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U2 to release album 'Songs Of Experience'
ROCK GIANTS U2 are continuing to talk about their new album 'Songs Of Experience'. Spanish fan page U2 en España spoke to the band in Valencia recently. Said Bono, "It's not finished yet but you will like it. In terms of lyrics it is stronger than [1983 album] 'War', it has more clarity."
Talking of 'Songs Of Experience', bassist Adam Clayton said, "The idea was really that we wanted to make sure we focused on the '[Songs Of] Experience' album. By the time we finished the Innocence tour and came full circle to focus on the album, it was clear we weren't going to be able to flip it really quickly into the 'Experience' side of the material and put it right back out on tour. As a challenge that was, 'OK, we're going to have to look at this differently.' Also, in the course of that year, some kind of strange political movements seemed to start happening. First of all, there was Brexit in the UK, which was just a signal that things were changing. I'm not sure how people took it. Then, quite quickly on the back of it, was the rise of Trumpism. And that was like, 'Oh, OK, there's something going on here. There's maybe something we missed and we need to start watching this.' That sort of encouraged us to go away from trying to finish the record too quickly without being able to factor in some of the things this is telling us."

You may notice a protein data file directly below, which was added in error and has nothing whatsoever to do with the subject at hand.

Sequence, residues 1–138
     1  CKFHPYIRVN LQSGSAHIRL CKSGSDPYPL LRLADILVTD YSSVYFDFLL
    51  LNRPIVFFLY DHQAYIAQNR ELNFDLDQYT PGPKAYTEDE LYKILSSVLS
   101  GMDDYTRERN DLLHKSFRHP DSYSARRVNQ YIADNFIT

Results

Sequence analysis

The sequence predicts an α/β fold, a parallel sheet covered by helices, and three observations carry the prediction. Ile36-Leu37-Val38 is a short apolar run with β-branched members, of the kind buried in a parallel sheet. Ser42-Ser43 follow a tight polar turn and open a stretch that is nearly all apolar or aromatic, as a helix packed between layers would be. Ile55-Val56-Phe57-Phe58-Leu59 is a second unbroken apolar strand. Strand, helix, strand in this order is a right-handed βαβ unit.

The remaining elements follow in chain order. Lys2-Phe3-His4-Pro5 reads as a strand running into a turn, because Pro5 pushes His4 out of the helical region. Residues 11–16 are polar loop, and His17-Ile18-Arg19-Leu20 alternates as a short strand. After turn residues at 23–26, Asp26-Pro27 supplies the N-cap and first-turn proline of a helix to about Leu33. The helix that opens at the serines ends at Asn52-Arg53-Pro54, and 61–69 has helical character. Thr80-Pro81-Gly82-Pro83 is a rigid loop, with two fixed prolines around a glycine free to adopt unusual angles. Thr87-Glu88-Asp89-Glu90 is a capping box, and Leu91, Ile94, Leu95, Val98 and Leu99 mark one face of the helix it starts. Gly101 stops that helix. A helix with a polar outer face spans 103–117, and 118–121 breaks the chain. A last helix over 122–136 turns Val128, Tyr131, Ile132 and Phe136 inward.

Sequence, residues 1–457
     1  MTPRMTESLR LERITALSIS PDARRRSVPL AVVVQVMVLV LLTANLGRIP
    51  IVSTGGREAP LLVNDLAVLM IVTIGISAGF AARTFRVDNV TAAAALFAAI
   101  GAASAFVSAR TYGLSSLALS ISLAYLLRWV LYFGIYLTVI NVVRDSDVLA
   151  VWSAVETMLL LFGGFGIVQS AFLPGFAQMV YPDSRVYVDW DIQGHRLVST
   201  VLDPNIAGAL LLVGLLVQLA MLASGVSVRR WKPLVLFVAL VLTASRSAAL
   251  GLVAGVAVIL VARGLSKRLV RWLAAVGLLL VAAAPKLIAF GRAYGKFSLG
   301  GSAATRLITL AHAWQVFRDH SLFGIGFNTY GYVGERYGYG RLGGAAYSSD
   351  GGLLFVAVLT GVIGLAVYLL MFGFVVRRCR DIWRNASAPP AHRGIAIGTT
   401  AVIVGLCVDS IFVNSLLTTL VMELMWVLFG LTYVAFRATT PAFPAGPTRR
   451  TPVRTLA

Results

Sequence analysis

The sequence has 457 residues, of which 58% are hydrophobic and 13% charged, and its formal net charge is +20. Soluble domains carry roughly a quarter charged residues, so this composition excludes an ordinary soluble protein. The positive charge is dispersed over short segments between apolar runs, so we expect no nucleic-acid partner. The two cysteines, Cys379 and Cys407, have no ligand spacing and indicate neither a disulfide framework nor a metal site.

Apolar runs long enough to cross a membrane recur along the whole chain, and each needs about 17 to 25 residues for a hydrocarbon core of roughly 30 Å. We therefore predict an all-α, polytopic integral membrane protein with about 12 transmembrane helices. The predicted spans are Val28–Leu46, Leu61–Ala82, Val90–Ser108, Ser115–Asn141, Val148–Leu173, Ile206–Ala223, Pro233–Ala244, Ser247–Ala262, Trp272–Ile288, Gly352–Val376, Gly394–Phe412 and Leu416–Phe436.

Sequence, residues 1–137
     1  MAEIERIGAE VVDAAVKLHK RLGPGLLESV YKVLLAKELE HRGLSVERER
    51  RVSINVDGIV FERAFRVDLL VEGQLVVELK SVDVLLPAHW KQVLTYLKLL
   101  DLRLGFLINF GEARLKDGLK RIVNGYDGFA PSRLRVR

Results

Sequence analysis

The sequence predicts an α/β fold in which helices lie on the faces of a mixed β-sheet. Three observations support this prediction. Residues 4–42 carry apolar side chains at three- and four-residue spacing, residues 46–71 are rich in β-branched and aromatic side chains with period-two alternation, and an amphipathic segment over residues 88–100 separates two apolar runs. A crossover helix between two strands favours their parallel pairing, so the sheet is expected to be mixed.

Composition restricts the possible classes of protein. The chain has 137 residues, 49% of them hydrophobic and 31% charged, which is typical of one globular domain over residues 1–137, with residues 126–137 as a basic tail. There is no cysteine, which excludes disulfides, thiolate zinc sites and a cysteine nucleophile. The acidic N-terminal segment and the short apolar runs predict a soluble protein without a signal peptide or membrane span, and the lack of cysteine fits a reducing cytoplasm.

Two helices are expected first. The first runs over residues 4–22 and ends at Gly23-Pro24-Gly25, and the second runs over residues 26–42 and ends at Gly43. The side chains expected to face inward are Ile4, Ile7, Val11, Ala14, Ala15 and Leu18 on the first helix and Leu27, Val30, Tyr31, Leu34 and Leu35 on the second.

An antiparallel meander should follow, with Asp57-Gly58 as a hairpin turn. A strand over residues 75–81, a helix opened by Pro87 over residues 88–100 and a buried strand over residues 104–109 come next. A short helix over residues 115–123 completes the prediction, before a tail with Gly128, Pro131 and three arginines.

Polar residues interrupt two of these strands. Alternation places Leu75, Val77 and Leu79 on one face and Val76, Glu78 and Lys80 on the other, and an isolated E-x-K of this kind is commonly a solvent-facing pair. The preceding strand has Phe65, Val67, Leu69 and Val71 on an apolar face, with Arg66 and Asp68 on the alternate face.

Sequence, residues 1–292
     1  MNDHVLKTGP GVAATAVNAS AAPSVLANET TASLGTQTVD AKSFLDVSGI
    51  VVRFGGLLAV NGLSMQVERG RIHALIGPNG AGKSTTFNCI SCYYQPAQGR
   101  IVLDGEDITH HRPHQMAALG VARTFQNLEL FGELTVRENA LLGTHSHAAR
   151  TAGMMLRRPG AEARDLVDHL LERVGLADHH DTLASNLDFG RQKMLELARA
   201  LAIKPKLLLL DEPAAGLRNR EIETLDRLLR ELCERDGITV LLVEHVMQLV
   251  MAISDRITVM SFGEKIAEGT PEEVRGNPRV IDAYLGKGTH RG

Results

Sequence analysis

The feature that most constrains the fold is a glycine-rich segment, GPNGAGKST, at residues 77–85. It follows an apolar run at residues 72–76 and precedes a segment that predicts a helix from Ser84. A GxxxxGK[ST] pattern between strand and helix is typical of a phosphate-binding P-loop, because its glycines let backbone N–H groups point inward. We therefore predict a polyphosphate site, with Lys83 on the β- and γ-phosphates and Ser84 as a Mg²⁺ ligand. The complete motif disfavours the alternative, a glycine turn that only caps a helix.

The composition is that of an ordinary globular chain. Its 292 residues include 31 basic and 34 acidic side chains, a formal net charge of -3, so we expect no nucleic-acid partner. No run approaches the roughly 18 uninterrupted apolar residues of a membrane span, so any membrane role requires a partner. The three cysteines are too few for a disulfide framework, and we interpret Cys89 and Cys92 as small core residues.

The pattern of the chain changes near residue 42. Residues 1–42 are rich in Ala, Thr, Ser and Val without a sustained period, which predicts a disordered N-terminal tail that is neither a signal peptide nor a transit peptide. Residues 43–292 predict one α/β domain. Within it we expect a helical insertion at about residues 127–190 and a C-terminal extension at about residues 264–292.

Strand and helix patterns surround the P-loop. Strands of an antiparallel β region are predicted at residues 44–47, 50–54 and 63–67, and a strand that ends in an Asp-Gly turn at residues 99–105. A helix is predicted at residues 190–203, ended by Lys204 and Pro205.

U2 will also be doing a UK/European tour in 2017 to celebrate the 30th anniversary of the 1987 'The Joshua Tree'. Guitarist The Edge drew parallels between the world at the time of writing 'The Joshua Tree' and the world today. He said, "That record was written in the mid-'80s, during the Reagan-Thatcher era of British and US politics. It was a period when there was a lot of unrest. Thatcher was in the throes of trying to put down the miners' strike; there was all kinds of shenanigans going on in Central America. It feels like we're right back there in a way. I don't think any of our work has ever come full circle to that extent. It just felt like, 'Wow, these songs have a new meaning and a new resonance today that they didn't have three years ago, four years ago.' And so it was kind of serendipitous, really, just the realization that we needed to put the album on ice for a minute just too really think about it one more time before putting it out, just to make sure that it really was what we wanted to say."The opinions expressed in this article are not necessarily those held by Cross Rhythms. Any expressed views were accurate at the time of publishing but may or may not reflect the views of the individuals concerned at a later date.